With the increase in demand and fewer providers, people with low vision may not receive needed help
By Deborah Jeanne Sergeant
A2021 study published in JAMA Ophthalmology states that 20% of those 85 and older in the US experience permanent vision loss.
Many causes for vision loss relate to advanced age. As the baby boomer generation grows older, this will increase demand for more care for those with low vision. But since the pandemic, the number of providers has decreased. This presents a significant problem for people with vision loss.
“I think there’s always been a shortage of people prepared to deal specifically with the functional needs of individuals losing their vision, whether an ophthalmologist, rehabilitation and teachers,” said Anne Costa, vice president of programs for Aurora of Central New York in Syracuse. “There are many low vision services that are low-tech, easy to apply in their lives that will make a huge difference in their ability to cope with a vision loss. We’re here to help.”
Providers of services to people with vision loss include people like certified vision rehabilitation therapists (CVRT), certified orientation and mobility specialists (COMS) and on the clinical side, ophthalmologists and optometrists who specialize in low vision eyecare. The therapists’ focus is helping people with low vision function better in their home and work environments. The clinical providers help patients optimize the vision they have left.
Costa said that one reason for the shortage — locally at least — is that it’s tough to attract providers to New York.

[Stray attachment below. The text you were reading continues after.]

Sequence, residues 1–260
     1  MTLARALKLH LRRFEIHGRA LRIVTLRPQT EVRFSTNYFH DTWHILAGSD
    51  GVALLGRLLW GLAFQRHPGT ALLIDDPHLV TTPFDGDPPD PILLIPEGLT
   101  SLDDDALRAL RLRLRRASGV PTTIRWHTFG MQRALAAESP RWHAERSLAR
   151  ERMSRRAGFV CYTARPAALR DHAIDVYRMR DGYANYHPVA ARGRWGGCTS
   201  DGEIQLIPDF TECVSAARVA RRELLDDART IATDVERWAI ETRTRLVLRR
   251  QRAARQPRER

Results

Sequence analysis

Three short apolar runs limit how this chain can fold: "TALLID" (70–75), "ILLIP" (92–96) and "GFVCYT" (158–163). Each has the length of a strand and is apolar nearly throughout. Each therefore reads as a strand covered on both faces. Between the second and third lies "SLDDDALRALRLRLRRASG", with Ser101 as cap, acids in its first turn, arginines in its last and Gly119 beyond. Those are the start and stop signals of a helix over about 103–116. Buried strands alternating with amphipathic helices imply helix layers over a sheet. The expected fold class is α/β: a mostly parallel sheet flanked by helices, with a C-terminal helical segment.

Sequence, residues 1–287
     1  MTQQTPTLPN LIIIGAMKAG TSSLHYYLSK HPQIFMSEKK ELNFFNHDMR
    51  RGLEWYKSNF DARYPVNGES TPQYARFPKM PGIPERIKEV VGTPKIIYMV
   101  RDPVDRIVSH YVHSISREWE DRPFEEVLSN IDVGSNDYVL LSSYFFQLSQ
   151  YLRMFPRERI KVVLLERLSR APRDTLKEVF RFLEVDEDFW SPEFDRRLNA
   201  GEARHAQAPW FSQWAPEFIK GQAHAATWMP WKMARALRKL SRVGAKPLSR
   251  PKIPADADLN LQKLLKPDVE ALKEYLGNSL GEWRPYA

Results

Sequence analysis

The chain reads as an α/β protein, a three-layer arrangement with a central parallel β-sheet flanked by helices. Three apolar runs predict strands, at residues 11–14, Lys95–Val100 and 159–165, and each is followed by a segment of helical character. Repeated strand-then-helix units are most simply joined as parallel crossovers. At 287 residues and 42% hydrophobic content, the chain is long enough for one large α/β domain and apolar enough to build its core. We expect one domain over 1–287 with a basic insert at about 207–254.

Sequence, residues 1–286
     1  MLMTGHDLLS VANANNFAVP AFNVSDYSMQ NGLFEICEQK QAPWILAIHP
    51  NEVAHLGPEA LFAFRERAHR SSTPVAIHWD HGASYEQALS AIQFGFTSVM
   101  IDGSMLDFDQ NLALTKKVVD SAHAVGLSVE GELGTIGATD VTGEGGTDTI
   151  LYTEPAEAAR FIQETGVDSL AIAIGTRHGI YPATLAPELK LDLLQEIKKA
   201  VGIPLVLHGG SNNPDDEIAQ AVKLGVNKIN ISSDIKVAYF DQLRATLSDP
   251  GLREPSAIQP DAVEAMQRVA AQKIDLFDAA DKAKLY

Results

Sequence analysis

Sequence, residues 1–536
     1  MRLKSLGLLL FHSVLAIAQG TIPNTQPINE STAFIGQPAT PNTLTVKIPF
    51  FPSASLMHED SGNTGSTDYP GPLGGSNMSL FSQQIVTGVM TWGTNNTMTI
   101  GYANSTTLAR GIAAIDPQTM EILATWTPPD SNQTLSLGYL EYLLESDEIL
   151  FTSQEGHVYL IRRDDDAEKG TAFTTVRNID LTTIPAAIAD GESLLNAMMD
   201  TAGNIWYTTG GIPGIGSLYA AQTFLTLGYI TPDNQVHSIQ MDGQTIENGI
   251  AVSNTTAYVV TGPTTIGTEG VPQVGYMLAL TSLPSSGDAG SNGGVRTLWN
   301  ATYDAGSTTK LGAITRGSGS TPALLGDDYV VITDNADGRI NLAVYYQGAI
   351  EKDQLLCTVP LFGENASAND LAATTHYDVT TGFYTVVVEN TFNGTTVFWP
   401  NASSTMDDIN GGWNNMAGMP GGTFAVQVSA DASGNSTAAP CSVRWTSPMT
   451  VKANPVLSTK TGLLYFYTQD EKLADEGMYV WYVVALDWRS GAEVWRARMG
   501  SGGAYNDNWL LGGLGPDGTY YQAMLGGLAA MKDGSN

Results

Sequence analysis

“If you have an orientation mobility instructor who works outside, will he want to work in Florida or New York?” she posed.
In addition, she said that New York doesn’t have licensing for rehabilitation teaching or orientation mobility, which means lower reimbursement rates. On the medical side of low vision care, the exams tend to take four to five times longer than an exam for someone with average vision. This means lower reimbursement for the provider.
Because most people tend to settle down near where they attended school — at least for a few years — this keeps people with CVRT training away from the Central New York area. Only about 40 CVRTs and 116 COMS live in New York.
She attributed the shortage in part to a lack of knowledge about the profession.
“We continually struggle with getting the word out,” Costa said. “There are so many people with vision loss that think their lives are over. You don’t think of it until it happens to you.”
It’s also tough to justify returning to school when jobs are plentiful for people with a bachelor’s degree.
But at least, “it’s very easy to find work in this,” Costa said. “It’s really interesting. We had a program at LeMoyne where people who are blind would come in and go on campus. We used students attending LeMoyne who were studying teaching.”
Once they had an opportunity to work through the summer with the program, two or three ended up going into the field because they loved the work so much.
“A lot of people are afraid of people who are blind, but once they get over that initial feeling, it’s very rewarding work. The intervention can do so much to help people be independent. A lot of mobility orientation teachers are blind. It’s very rewarding work. They can write their ticket in terms of where they want to work and how much they want to ask,” she said.
Costa felt drawn to work in the field because her piano teacher was blind. Costa felt impressed with her competency and independence, thanks in part to receiving services from Aurora.
“I always wanted to work here,” Costa said. “I’ve been here 22 years now and am retiring in May.”